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This article considers the potential for changes in the treatment of vertical agreements under South African competition law as a result of recent amendments to the Competition Act, as well as current policy views within the law-makers and regulators.

Section 5(1) of the South African Competition Act prohibits vertical agreements that substantially prevent or lessen

One might think that competition law would applaud a firm that submits an independent and competitive bid, in response to a tender aimed at lowering prices.  Recent experience in South Africa suggests that this is not always the case, and that such a firm may face investigation by the competition authorities precisely because it won the competitive tender.

In October 2017, the South African Competition Commission announced that it has initiated, and is investigating, a complaint of abuse of dominance by Vodacom, the country’s largest cellular network services provider.

The subject of the complaint is a four year exclusive contract, in terms of which Vodacom will supply mobile telecommunications services to 20 government departments.

Although Vodacom bid for the contract in a competitive tender process, the Commission “is of the view” that the contract will (1) further entrench Vodacom’s dominant position in the relevant market; (2) raise barriers to entry and expansion in the relevant market; (3) distort competition in the market; and (4) result in a loss of market share for other network operators.

Leaving aside the merits of the complaint, the announcement is interesting and controversial for a number of reasons.  In particular, it raises important questions about the Commission’s advocacy strategy, and about the obligations on business when participating in significant tenders.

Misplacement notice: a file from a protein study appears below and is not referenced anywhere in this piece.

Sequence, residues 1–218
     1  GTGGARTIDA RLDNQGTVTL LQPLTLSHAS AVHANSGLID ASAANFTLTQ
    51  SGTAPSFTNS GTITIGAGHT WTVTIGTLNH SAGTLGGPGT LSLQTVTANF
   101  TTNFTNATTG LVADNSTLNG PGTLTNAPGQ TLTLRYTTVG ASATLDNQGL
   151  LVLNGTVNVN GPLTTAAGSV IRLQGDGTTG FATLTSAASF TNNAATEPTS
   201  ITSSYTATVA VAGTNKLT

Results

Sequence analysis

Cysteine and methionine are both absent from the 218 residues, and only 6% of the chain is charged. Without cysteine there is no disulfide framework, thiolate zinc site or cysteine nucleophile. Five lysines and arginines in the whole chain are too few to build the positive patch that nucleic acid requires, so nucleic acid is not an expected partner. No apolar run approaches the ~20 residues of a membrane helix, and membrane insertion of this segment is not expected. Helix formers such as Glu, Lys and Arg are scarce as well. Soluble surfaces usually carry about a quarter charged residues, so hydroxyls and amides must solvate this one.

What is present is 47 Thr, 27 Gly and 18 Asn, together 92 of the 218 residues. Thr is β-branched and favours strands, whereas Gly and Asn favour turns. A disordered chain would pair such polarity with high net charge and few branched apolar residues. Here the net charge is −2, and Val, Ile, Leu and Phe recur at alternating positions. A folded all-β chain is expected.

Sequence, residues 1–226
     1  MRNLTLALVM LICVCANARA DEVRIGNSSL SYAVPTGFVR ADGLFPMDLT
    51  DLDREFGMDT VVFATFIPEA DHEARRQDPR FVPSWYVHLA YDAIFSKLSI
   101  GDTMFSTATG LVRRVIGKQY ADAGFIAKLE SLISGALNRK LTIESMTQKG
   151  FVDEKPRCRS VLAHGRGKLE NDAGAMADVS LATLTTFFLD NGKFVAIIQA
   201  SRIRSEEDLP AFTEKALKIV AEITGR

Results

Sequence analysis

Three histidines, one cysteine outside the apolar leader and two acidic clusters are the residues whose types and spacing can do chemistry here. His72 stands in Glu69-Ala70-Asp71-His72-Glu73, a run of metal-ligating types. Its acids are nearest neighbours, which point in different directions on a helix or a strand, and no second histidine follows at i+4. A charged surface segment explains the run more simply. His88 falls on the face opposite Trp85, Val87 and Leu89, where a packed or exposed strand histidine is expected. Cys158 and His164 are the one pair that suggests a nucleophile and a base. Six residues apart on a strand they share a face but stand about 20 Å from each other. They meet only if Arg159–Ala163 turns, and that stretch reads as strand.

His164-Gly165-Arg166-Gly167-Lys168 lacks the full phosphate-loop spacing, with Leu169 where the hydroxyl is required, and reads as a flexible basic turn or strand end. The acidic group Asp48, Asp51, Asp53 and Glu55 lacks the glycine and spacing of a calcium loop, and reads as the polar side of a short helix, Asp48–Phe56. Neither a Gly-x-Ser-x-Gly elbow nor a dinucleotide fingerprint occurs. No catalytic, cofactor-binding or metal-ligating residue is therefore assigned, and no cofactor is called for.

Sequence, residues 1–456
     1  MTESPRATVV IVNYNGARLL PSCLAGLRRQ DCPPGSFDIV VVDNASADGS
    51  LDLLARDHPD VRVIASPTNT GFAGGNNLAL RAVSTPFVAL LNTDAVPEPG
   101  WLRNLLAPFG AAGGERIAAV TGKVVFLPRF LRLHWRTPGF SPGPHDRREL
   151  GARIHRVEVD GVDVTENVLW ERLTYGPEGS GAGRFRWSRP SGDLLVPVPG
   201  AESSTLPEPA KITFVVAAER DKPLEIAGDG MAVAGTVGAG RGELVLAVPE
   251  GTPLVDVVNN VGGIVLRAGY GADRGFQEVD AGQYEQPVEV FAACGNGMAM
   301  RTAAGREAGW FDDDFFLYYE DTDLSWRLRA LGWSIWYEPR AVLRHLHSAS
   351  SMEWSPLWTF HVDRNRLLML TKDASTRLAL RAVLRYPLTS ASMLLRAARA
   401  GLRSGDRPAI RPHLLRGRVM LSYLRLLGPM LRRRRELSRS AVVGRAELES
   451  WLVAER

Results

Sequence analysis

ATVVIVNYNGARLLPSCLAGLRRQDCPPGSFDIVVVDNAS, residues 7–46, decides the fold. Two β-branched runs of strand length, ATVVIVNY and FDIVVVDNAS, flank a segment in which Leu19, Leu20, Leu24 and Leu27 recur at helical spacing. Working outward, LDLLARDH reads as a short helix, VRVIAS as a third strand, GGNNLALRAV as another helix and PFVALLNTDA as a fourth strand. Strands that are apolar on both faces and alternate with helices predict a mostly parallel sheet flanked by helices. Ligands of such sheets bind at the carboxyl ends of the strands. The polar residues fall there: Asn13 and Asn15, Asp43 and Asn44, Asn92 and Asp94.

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(The full version of this bulletin was originally published on Fasken.com – “The Competition Commission’s Market Inquiry into Data Services” – September 12th, 2017.)

On 18 September 2017, the Competition Commission is expected to commence a market inquiry into data services in South Africa. This is the sixth market inquiry to

pexels-photo-136721On 7 June 2017 the Competition Commission South Africa will commence a market inquiry into the public passenger transport sector. This is the fifth market inquiry to be initiated by the Commission, following inquiries into the LPG, healthcare, grocery retail and banking sectors.

What does the Commission intend to investigate?

In terms of the Terms

On 17 June 2015, the Competition Appeal Court of South Africa (CAC) overturned the Competition Tribunal’s decision which found Sasol Chemical Industries Limited (Sasol) guilty of excessive pricing.

The CAC’s judgment is thorough and the factual, legal, accounting and economic issues covered are complicated. Although redeeming for Sasol, the judgment may give rise to a number of significant implications for future enforcement action against excessive pricing South Africa.

We set out below a review of the questions raised in the decision as well as the potential implications of the CAC’s answers.

The feedstock debate – Actual costs or notional costs?1

The first and potentially most important question addressed by the CAC related to what the CAC referred to as the ‘feedstock debate’. According to the Competition Act2 , a price charged by a dominant firm is excessive and illegal if it has no reasonable relation to the economic value of the product in question.

In conditions of competition, prices will normally be driven down towards a firm’s costs of production (plus a reasonable return). A firm’s costs (including a reasonable return) therefore usually provide an insightful proxy for the price that would prevail under conditions of competition, and therefore a product’s ‘economic value’.

In the only previous excessive pricing case in South Africa, the Mittal case, the CAC held: